I then selected Spirit Elves. I figured I would decline them quickly then move on to the next race. Unfortunately, my son proceeded to stomp on my elves with his Ratmen! The dirty little rat ! The fact that he immediately started attacking rather than going for easier territory scares me a bit.....
Anyhow, I felt that declining them now when I had all the units in hand wasn't best yet, so I advanced them further into 'greener' pastures. Of course, he started stomping me YET AGAIN! Arggh! This proceeded for another turn (sheesh, I really should have declined after the first turn) and he continued to get a good number more points than me.
He decided to decline his Ratmen and I decided to stick it out once more with the Elves before I decline. BAD MISTAKE. Somehow he had focused in on paying up for the Merchant Amazons (just the race I was eyeing myself). Little did I realize how much more powerful this was than I first noticed with them being Merchants and getting an extra point PER REGION! YIKES! Well, by this time he had overrun half the board with his declined Ratmen and the other half with his Merchant Amazons garnering him at least 15+ points per turn! And I was barely struggling to even stay on the board with his relentless attacks, even when I had them stacked 3 or 4 high!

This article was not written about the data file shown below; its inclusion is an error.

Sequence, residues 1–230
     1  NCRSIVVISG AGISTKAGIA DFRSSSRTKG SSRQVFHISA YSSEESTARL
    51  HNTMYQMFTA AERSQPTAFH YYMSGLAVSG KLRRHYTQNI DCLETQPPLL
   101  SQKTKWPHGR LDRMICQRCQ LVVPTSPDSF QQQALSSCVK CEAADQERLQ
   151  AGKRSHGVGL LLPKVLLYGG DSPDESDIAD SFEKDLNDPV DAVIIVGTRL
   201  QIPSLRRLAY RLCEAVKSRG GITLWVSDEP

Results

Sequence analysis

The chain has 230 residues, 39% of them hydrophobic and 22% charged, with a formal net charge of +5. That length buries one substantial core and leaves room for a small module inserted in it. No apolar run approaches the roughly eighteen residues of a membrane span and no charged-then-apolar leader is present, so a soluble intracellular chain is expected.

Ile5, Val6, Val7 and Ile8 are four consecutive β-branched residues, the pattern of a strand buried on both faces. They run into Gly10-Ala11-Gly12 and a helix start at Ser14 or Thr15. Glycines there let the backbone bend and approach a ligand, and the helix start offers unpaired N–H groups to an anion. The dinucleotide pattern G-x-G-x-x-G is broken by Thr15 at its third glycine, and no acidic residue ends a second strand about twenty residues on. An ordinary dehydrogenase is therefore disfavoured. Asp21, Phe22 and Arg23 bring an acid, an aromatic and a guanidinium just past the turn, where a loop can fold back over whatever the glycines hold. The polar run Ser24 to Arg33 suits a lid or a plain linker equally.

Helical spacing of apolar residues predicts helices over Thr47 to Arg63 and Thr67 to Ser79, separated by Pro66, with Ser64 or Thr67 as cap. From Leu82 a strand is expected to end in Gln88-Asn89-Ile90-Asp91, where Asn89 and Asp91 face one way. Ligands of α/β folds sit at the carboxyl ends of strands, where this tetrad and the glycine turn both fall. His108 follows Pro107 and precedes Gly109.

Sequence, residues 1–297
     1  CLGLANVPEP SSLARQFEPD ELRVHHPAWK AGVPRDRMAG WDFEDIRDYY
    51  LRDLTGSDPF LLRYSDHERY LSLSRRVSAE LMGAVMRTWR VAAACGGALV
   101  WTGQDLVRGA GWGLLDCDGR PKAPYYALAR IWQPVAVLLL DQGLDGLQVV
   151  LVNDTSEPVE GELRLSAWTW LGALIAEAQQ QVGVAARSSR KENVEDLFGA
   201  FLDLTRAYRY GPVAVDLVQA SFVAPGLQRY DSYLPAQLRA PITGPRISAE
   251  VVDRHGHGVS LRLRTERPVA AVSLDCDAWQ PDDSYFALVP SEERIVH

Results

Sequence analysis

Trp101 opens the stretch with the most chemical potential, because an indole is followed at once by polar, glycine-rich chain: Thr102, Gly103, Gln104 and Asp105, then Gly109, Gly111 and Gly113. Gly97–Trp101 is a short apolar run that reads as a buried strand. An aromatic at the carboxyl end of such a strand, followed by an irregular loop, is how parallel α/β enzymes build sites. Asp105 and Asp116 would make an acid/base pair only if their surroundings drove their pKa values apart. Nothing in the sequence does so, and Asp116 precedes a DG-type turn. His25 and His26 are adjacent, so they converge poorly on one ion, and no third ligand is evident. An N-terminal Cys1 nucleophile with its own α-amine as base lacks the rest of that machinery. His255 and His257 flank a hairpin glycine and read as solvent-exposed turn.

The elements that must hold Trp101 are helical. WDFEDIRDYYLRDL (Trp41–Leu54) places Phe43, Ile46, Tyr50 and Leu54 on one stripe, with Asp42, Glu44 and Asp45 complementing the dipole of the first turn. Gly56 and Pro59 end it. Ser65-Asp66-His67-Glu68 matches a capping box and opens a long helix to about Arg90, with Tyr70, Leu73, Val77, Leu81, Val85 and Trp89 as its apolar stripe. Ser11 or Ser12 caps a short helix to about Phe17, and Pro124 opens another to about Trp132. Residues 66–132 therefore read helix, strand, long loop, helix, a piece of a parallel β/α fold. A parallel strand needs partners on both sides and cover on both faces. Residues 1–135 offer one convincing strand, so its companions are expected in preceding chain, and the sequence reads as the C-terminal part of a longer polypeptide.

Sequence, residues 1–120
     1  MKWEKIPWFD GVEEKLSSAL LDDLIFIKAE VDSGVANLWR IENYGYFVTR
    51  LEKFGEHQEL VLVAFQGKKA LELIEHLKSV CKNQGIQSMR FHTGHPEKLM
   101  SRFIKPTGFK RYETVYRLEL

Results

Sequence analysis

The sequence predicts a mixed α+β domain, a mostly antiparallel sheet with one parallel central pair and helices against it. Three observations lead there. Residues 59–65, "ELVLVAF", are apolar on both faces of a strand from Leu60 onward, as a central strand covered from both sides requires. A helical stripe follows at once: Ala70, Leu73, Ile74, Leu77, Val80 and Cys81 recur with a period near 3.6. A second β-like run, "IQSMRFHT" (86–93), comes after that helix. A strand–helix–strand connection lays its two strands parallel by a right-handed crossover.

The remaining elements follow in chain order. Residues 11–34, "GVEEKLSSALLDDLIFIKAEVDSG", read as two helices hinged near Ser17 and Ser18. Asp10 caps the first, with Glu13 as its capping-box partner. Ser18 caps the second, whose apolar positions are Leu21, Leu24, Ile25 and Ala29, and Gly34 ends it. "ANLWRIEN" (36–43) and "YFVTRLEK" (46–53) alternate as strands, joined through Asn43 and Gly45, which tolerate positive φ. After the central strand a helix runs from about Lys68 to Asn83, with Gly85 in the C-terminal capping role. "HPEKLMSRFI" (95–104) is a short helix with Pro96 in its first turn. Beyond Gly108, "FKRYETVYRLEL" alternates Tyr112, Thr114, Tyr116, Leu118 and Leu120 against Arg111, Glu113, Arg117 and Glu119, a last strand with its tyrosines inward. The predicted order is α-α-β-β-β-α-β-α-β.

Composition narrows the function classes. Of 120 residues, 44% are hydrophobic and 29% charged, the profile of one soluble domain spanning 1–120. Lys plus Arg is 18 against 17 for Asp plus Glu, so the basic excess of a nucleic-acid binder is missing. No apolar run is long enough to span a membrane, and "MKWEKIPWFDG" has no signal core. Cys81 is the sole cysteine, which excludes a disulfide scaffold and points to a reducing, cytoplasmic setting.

I next went for Swamp Giants which I thought might let me get into a mountain and stomp on his Amazons a bunch, then pile up for the next round (and also score a couple of extra points for the swamps). Big mistake as I bearly put a dent in his empire and he proceeded to smash my Giants with his Amazon hordes. I quickly declined them then went for Stout Sorcerers figuring I could take out a bunch of the Ratmen using the special ability and hit them while they were down (and finally get them off the board), then immediately decline them so I could get another race on the board for round 9.
Well, I forgot an important rule - when you decline your next race the previous one goes away (perhaps the Spirit Elves lulled me into forgetfulness). Anyhow, the next turn he declined the Amazons and the rest of his Ratmen disappeared from the board (i.e. I just attacked a dying race). I must have taught him the rules correctly because he KNEW this was going to happen and seemed totally fine with it. GAH!